Rankings of leading world universities are conducted on the basis of four areas of activity—Teaching, Research, International Diversity, and Financial Sustainability.
Education is commonly underestimated in global university rankings. There is a natural explanation for this—it is very difficult to quantitatively measure the quality of teaching. Anyone who measures the quality of education must operate with quantitative ratios. Teaching is the cornerstone of higher education and, more broadly, education in general.
Research is also an important component of a university, it is a key feature of a university as well as Teaching. This area is related to research productivity, measured on the basis of scientometrics data.
In a global world, the ability to attract students and teachers from other countries means more than ever. A high level of internationalization shows how attractive a university is and consequently how competitive it is in the global arena. However, internationalization largely depends on the overall circumstances in a given country and universities are unable to change these conditions. In short, internationalization is more dependent on a country's culture and politics rather than on the university.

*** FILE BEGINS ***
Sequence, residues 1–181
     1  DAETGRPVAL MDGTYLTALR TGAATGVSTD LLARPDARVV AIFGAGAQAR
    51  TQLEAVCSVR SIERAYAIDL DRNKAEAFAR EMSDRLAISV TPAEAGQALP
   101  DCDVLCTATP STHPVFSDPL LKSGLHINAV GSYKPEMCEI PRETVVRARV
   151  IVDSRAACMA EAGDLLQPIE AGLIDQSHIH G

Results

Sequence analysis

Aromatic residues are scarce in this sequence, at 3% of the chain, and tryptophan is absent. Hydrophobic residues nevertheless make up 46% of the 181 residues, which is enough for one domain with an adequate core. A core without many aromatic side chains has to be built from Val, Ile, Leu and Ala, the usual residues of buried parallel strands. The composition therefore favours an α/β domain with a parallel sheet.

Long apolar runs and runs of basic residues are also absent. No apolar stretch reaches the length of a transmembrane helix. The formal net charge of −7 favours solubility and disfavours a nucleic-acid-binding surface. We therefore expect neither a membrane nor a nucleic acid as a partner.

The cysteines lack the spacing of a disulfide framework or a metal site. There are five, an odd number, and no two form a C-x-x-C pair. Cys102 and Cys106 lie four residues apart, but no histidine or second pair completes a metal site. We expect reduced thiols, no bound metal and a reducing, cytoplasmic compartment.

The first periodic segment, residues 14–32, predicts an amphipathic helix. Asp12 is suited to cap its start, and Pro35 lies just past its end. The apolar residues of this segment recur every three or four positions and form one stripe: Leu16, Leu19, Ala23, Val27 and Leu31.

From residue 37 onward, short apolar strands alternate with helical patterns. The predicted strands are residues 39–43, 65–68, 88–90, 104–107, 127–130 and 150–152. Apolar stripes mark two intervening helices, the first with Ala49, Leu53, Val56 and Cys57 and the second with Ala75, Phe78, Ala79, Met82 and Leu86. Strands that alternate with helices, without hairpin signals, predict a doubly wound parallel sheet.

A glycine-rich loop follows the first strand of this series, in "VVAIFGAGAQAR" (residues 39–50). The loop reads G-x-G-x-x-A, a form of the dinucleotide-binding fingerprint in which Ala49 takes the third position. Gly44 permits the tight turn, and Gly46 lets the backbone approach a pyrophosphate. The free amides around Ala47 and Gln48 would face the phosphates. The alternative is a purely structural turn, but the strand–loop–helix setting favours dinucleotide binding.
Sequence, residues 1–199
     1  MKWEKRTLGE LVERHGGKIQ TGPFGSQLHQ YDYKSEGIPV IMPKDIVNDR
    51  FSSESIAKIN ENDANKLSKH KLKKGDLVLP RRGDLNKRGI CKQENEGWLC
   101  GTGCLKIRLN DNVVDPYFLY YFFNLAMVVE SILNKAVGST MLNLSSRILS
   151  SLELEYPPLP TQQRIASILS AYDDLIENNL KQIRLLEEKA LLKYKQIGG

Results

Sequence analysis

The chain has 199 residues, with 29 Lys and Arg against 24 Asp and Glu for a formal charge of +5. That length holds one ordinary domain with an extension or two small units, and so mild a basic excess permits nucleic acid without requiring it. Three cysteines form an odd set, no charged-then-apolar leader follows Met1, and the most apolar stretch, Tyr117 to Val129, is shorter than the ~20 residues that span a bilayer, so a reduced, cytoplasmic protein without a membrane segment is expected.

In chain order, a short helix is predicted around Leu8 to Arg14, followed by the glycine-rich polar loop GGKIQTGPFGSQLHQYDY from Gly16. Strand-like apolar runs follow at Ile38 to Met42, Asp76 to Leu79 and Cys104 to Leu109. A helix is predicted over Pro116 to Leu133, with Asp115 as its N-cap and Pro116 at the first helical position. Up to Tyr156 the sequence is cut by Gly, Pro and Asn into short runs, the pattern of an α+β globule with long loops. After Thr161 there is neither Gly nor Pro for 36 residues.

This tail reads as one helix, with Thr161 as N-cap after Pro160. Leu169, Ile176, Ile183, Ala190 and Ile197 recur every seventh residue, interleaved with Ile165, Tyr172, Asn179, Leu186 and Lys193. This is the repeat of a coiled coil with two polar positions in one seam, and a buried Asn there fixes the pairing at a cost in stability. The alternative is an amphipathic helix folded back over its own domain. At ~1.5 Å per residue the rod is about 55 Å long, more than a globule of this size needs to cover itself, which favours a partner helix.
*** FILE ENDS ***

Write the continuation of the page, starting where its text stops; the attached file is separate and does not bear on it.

This group shows the financial position of a university and determines the degree of involvement of the university in the real economy, its ability to attract investment from industry. Financial stability in a global economy is important for universities since they are a part of global economy.
Despite of the variety, the universities are united by their commitment to excellence. In order to emphasize this commitment we have introduced a system of the Leagues, resembling the Olympic medals system.
Each league embraces a hundred of universities (the first, second hundred and so on):
We note that our task is to show the diversity of higher education institutions on the basis of a simple statistical method of distributing objects to clusters. The Leagues represent the universitiesʼ desire for progress